Italy’s cabinet has passed an emergency decree targeting migrant rescue boats.
The decision came hours before right-wing interior minister Matteo Salvini announced the closure of a reception centre for asylum seekers in Sicily.
The decree will levy fines of between €10,000 (£8,900; $11,300) and €50,000 on ships entering Italian waters without permission.
Since the populist government took power a year ago, Mr Salvini has tried to stop migrants reaching Italy.
Ports have been closed to rescue boats.
Now Italy’s ruling League and Five Star parties want to stop NGO boats entering Italian waters.
The draft bill explicitly referred to migrant rescue boats the reference was removed following an intervention by President Sergio Mattarella. The effect on the migrant boats is the same however.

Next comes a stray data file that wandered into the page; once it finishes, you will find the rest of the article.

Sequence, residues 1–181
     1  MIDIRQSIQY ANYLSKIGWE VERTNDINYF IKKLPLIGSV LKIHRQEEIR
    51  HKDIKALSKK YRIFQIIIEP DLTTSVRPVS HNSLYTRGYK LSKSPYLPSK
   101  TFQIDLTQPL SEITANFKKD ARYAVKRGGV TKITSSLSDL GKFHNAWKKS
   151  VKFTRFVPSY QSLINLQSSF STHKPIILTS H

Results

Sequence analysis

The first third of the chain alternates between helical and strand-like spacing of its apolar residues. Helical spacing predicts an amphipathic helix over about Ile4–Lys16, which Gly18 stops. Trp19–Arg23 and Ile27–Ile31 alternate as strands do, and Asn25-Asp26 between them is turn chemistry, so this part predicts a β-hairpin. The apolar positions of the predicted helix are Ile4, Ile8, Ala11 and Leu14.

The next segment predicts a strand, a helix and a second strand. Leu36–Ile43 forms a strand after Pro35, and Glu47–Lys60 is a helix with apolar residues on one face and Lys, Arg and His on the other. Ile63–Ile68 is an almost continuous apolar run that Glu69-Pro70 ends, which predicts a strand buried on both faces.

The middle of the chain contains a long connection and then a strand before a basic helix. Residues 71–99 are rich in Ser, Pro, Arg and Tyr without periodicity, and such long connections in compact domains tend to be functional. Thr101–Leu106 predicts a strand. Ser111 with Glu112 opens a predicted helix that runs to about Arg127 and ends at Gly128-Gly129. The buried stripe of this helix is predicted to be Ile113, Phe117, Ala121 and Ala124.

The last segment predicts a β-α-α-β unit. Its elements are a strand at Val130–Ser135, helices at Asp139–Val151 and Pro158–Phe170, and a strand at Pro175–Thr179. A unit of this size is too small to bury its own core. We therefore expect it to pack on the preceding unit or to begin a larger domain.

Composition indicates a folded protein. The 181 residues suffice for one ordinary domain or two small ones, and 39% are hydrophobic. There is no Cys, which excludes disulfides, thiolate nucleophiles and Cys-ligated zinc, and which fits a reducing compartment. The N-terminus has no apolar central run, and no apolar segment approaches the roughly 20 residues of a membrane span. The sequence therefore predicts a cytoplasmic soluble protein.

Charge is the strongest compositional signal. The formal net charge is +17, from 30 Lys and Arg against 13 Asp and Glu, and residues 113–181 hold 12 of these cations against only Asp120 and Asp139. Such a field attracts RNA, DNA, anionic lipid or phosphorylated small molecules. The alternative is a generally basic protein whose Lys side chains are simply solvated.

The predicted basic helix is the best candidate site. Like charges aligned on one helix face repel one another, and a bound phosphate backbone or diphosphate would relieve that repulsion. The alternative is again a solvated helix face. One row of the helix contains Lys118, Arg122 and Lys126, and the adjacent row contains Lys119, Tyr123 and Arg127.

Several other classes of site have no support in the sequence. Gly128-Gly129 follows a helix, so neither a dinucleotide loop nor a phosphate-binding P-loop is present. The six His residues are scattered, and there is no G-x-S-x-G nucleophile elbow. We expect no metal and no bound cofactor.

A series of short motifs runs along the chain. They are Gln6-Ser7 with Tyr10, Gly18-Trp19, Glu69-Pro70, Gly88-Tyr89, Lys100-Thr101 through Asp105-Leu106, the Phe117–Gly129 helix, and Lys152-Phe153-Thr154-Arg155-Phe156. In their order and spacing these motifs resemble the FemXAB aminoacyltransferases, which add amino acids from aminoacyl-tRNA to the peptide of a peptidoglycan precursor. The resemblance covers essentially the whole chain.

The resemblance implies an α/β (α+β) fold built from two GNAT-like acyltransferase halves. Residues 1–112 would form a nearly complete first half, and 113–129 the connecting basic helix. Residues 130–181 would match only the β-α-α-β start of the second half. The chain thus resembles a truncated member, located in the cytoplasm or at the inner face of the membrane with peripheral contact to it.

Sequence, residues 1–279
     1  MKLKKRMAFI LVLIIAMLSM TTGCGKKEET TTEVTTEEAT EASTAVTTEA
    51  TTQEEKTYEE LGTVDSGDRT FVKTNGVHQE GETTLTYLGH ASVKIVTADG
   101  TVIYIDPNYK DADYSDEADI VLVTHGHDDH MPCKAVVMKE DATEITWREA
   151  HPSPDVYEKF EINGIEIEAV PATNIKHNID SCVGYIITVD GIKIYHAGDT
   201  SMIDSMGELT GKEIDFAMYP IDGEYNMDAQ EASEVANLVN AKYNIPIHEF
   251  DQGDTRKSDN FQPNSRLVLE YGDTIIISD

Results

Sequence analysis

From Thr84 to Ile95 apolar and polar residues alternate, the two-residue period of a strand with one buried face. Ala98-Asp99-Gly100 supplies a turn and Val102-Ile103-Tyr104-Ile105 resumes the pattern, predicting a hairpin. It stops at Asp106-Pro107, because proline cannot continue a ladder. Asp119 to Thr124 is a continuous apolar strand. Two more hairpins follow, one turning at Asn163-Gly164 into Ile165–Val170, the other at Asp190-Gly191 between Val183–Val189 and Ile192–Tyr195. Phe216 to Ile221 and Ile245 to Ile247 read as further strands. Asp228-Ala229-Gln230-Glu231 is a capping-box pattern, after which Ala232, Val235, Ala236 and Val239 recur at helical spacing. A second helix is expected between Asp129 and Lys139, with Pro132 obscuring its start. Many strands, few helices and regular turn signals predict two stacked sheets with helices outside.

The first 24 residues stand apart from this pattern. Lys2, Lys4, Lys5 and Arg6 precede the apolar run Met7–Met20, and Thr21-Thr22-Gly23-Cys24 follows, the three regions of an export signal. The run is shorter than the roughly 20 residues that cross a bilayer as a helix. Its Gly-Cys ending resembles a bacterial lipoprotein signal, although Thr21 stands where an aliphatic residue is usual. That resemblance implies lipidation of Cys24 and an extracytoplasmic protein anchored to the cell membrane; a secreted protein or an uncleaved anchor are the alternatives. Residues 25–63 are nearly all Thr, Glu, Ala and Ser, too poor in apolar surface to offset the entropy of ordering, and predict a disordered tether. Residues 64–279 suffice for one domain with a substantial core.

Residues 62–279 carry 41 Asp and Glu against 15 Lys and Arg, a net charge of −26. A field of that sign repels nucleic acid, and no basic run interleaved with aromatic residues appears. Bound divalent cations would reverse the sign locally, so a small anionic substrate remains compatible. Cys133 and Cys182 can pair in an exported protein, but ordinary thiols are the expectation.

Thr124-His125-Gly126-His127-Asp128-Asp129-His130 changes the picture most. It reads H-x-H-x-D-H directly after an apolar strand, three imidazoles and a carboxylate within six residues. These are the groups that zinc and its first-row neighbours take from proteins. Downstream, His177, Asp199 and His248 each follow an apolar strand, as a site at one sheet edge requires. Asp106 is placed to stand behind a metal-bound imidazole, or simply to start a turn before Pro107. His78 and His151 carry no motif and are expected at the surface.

The bill still has to go before parliament, where the ruling coalition has a majority.
Two charities said on Wednesday that since Italy refused entry to hundreds of migrants on the Aquarius rescue boat a year ago, 1,151 people had drowned in the Mediterranean and more than 10,000 others had been forced to return to face danger in Libya.
MSF and SOS Mediterranee said migrants were now almost four times more likely to die compared with last year.
“The lack of humanitarian vessels in the Central Mediterranean during this period should put to rest the unfounded allegation of a ‘pull factor’,” said Frédéric Penard of SOS Mediterranee.
The decision to close the Mineo asylum camp in Sicily came after the number of asylum seekers there declined from 2,526 a year ago to 152, Italy’s Ansa news agency reported.
Mr Salvini, the leader of the nationalist League party, said that the policy of closing ports had already brought about the closure of other big migrant centres and “now it’s Mineo’s turn, which we will close in July”.
He said the closure was “good news” for residents, citing the murder of an elderly couple in 2015 at the hands of an Ivorian teenager who had been living in the camp.